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Medicine Science

Plasma Device Kills Bacteria On Skin In Seconds 237

Posted by kdawson
from the it's-a-dry-cold dept.
Ponca City, We love you writes "In medicine, plasma, the fourth state of matter, is already used for sterilizing surgical instruments; plasma works at the atomic level and is able to reach all surfaces, even the interior of hollow needle ends. Now the BBC reports that researchers at the Max Planck Institute for Extraterrestrial Physics have demonstrated a plasma device that can rid hands, feet, or even underarms of bacteria, including the hospital superbug MRSA, by creating cold atmospheric plasma that produces a cocktail of chemicals that kills bacteria but is harmless to skin. 'The plasma produces a series of over 200 chemical reactions that involve the oxygen and nitrogen in air plus water vapor — there is a whole concoction of chemical species that can be lethal to bacteria,' says Gregor Morfill. 'It's actually similar to what our own immune system does.' The team says that an exposure to the plasma of only about 12 seconds reduces the incidence of bacteria, viruses, and fungi on hands by a factor of a million — a number that stands in sharp contrast to the several minutes hospital staff can take to wash using traditional soap and water. Morfill says that the approach can be used to kill the bacteria that lead to everything from gum disease to body odor and that the prototype is scalable to any size and can be produced in any shape."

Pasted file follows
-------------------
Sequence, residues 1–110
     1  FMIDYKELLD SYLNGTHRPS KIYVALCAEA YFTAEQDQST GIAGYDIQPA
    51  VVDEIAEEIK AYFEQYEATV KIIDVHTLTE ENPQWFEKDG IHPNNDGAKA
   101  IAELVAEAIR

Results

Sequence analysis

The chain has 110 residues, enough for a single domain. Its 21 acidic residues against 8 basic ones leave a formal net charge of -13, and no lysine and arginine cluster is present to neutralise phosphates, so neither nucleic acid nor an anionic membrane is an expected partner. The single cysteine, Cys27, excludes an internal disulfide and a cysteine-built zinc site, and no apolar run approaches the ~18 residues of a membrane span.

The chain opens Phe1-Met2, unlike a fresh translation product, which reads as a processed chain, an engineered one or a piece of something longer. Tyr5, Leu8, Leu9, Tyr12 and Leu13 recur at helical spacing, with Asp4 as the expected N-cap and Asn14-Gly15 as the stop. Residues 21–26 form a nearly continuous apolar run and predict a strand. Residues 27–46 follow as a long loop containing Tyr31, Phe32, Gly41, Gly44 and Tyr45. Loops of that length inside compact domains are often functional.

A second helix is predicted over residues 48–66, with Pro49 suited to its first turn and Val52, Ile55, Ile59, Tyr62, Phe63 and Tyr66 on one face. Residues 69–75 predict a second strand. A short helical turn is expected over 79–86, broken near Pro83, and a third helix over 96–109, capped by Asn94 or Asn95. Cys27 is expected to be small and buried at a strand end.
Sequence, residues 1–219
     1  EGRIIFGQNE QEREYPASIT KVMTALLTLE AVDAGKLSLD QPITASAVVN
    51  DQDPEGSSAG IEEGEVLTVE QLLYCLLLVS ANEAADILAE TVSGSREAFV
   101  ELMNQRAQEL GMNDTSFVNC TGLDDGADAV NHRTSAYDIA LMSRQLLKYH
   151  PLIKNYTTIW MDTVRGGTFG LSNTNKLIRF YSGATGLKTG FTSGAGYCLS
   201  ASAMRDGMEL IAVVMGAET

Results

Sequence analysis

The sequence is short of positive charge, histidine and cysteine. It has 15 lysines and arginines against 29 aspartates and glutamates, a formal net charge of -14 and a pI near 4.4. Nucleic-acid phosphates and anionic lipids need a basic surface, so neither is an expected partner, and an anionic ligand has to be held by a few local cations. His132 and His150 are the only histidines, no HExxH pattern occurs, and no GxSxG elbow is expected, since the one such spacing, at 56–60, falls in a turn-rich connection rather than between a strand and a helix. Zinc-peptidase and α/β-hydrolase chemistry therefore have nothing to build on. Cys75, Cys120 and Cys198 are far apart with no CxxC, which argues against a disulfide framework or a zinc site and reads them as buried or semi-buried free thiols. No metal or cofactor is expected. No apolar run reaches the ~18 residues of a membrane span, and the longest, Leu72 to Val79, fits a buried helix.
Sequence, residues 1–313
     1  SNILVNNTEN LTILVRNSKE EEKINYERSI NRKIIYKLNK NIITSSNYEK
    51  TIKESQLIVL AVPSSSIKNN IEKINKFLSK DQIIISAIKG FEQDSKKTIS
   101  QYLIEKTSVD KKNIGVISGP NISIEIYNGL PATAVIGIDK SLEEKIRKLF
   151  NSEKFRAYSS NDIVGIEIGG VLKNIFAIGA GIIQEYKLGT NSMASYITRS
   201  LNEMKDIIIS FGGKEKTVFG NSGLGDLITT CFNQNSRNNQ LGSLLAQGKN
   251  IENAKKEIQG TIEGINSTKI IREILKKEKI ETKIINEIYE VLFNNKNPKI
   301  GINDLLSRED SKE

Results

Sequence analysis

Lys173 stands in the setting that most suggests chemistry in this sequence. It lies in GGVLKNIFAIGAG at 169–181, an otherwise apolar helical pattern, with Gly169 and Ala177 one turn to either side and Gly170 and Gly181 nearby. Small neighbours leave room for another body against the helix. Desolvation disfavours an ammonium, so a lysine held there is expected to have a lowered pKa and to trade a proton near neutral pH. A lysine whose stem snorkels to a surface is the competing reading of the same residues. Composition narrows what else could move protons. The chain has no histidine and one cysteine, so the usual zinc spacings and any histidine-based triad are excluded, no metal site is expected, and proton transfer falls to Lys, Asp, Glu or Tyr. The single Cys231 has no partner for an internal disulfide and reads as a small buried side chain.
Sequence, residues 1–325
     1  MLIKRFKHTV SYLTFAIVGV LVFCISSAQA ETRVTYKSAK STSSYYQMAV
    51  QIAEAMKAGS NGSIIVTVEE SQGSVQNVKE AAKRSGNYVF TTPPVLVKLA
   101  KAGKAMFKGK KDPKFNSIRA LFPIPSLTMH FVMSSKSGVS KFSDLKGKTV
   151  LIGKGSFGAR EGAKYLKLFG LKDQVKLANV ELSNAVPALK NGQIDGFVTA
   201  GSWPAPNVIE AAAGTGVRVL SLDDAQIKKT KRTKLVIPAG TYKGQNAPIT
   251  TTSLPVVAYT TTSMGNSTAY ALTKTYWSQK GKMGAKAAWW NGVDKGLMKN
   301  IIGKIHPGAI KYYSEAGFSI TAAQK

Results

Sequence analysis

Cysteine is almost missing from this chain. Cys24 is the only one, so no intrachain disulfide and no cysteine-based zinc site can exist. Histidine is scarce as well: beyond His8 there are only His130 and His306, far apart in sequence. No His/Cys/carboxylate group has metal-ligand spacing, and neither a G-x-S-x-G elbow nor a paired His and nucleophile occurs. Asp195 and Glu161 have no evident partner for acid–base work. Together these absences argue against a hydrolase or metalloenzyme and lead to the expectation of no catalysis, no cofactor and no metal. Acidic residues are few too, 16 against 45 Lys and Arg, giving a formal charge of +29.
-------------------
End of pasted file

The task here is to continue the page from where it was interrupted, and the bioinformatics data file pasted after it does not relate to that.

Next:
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Plasma Device Kills Bacteria On Skin In Seconds

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  • by the_one(2) (1117139) on Friday November 27, 2009 @02:43PM (#30247506)

    Do you remember the article on /. about how excessive cleanliness isn't all that good for you? Yeah...

    • by spidercoz (947220) on Friday November 27, 2009 @02:46PM (#30247554) Journal
      would that be next to excessive godliness? that doesn't sound too good either. I dated a girl in high school that had excessive godliness